Fudge, candy canes, Christmas cookies and punch - they will probably find their way to many Lawrence elementary school holiday parties this week.
But a new emphasis on healthy food choices next year means students will have to trade out those visions of sugar plums for visions of carrot sticks and broccoli.
"We're not taking a hard line here until '07-'08," said Bruce Passman, deputy superintendent for Lawrence's public schools.
Passman said there won't be a ban this year on sugary foods and beverages that parents can bring in for school parties.
"What we're doing this year is primarily - and even much of next year - is just encouraging parents to think and plan differently for classroom parties and classroom rewards," Passman said.
It's not until the 2007-08 school year that food and beverages brought into schools must comply with the school board's new wellness policy, he said.
This year, school administrators are working with Parent-Teacher Organizations and school site councils to remind parents what kinds of food items and beverages are healthy.
To determine what snacks are healthy, schools will follow these nutrient standards for treats served at school:
¢ Foods with no more than four grams of fat per 100 calories, except nuts or seeds.
¢ Foods with no more than nine grams of sugar per 100 calories, except fruit without added sugar.
¢ Foods with no more than 200 calories per serving.
"Mainly it's just soft encouragement at this point to think differently and bring different foods and beverages to school," Passman said.
Many of the schools are planning parties for Thursday, the last day of school before winter break, he said. Brochures have been provided to parents to help them make healthy choices.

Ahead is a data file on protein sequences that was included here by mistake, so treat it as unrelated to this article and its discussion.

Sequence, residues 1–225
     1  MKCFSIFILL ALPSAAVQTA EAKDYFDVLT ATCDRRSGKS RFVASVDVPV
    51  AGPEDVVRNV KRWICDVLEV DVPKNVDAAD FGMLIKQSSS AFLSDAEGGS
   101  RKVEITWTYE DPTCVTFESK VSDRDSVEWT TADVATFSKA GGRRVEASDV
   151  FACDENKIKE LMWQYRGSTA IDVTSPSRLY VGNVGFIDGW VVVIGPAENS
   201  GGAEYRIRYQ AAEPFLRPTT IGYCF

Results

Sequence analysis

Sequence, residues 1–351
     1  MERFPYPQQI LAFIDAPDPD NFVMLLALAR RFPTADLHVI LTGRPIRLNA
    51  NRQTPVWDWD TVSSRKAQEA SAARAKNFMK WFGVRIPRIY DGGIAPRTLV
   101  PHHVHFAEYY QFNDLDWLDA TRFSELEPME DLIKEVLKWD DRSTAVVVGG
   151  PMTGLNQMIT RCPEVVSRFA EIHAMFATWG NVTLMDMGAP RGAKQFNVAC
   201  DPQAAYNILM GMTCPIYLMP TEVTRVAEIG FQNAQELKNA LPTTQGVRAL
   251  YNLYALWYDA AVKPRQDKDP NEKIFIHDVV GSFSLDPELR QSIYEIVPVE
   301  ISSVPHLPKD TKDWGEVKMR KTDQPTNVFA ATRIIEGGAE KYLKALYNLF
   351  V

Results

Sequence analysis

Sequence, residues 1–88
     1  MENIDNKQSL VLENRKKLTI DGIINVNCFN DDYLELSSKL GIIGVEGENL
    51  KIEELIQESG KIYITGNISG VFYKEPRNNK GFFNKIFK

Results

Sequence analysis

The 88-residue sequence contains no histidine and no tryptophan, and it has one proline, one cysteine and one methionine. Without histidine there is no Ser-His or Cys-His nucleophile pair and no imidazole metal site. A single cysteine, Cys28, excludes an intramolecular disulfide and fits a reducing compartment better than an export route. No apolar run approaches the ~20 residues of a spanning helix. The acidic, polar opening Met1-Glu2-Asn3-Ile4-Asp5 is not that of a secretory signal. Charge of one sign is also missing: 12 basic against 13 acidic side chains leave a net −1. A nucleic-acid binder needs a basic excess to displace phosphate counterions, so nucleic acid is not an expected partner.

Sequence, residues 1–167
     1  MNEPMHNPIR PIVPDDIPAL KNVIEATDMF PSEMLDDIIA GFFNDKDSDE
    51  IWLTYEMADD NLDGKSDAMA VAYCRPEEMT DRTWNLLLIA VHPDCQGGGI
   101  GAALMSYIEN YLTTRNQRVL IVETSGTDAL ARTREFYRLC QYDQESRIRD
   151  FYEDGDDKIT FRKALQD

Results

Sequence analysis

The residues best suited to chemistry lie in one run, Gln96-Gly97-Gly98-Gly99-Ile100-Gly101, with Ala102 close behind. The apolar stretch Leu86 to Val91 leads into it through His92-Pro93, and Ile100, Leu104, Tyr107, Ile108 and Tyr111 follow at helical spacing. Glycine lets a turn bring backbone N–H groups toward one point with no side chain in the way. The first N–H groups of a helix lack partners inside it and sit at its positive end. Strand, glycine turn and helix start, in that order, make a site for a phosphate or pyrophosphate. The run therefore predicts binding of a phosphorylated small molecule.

For example, here are a few alternatives:
¢ Fruits and vegetables: Slices of apples, oranges, cantaloupe; apples with caramel dip; celery and peanut butter; salsa and baked chips.
¢ Grains: Trail mix or cereal mixes, granola bars, bagels and cream cheese, animal crackers, pretzels or popcorn.
¢ Dairy: String cheese, yogurt cups, low-fat pudding cups, cheese quesadillas.
¢ Proteins: Nut assortments, pizza with low-fat toppings, sandwiches with ham, turkey, cheese and low-fat condiments.
"What we're doing is encouraging parents to make wise choices about what they bring," said Paulette Strong, principal at Quail Run School.
"We are not going to be the food police," Strong said. "But we certainly want to start moving toward making good choices and modeling that for kids."
Strong said this year is a transition year, so it will be up to parents and teachers what they want to do.
"We're talking about a huge cultural shift that needs to happen in our country," Strong said. "And this is not something we can do overnight. And it's not something that's black and white the first year. ... It's a gentle process."